Anyway, the clay-based pastes seem to rehydrate more readily than other pastes, and to separate from the paper more easily. They do leave a gooey, tan-colored mess on the wall, though. Which will need a bucket of hot water, a scrubby, and a lot of elbow grease to remove.

Glamming Up and Brightening Up a Master Bedroom

April 17, 2018


This young family, in the Tammaron subdivision of Katy in far west Houston, has been in their home for two years, but had never gotten around to decorating their master bedroom. (Look closely, and you’ll see the protective plastic still on the mirrored parts of the headboard.) With a new baby coming next week, whom they plan to have share their bedroom for a while, they wanted to get the room’s décor pulled together so that when the baby comes, she’ll be all they need to focus on.

I am usually booked several months out with work, but I had a schedule change and was able to get this family’s paper up – a mere three days before the baby is due.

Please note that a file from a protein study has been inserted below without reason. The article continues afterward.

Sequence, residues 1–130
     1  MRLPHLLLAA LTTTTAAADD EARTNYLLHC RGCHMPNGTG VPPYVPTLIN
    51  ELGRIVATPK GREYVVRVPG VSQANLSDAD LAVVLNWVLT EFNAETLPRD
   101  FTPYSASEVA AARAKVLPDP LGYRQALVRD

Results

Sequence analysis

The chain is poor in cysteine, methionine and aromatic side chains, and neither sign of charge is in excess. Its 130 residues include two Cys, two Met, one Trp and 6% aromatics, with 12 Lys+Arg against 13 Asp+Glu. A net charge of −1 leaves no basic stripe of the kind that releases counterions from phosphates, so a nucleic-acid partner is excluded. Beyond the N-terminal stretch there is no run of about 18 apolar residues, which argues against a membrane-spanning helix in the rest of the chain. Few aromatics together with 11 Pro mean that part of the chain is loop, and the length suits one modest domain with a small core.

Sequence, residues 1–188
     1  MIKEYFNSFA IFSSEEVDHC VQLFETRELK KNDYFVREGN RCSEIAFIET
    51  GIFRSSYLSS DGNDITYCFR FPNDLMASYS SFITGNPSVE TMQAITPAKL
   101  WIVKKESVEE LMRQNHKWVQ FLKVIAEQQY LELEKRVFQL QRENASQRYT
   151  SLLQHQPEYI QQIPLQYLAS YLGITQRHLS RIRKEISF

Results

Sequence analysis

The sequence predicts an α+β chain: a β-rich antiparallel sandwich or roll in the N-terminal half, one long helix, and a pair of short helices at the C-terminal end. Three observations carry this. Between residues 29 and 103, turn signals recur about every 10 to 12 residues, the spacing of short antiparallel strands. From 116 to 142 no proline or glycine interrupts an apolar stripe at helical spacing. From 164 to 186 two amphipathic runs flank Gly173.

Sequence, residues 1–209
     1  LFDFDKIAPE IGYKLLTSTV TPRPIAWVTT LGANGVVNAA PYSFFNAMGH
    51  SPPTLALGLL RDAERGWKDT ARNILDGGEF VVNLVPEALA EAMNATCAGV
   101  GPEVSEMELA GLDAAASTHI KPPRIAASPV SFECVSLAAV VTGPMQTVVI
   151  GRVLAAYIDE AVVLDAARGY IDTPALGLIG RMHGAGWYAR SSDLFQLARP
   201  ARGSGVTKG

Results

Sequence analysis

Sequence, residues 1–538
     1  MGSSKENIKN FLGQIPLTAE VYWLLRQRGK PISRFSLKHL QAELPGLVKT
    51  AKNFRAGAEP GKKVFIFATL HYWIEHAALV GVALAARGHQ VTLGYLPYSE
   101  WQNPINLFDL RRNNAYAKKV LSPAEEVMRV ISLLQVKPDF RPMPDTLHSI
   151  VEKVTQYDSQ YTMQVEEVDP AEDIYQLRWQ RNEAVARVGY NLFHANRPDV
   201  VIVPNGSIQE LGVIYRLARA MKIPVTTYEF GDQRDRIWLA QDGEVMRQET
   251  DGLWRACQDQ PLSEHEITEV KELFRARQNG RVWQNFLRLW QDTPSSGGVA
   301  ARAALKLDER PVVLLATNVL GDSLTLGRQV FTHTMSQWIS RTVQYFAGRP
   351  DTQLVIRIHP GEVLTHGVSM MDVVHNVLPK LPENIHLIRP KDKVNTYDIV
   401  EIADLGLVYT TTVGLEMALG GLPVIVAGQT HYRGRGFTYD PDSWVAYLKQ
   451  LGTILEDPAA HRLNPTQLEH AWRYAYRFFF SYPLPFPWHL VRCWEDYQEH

Originally, the whole room was painted a deep purple, which you can see to the right in the top photo. It was a pretty color, but it made the large room oppressively dark. In that top picture, the heavily textured wall has been smoothed and primed, and is ready for wallpaper.

The home has pretty contemporary furnishings. The wife’s taste is more glitzy and glamory than the husband’s. So she had to choose something that went with their modern style, but was not so shiny or highbrow that her husband would be uncomfortable.

The second photo shows the finished accent wall. I think she did a super job of choosing a paper with shine and glitz, but that does not overwhelm the room with Hollywood sparkle or femininity. And that one accent wall does much to brighten the dark room.

This wallpaper pattern is a textured, shiny vinyl on a non-woven backing. It was a paste-the-paper procedure, and was very nice to work with. When it’s time to redecorate, the paper is designed to strip off the wall easily and in one piece.

The paper is by York Wallcoverings, and was bought at below retail price from Dorota Hartwig at Southwestern Paint on Bissonnet near Kirby. (713) 520-6262 or dorotasouthwestern@hotmail.com. She is great at helping you find just the perfect paper! Discuss your project and make an appointment before heading over to see her.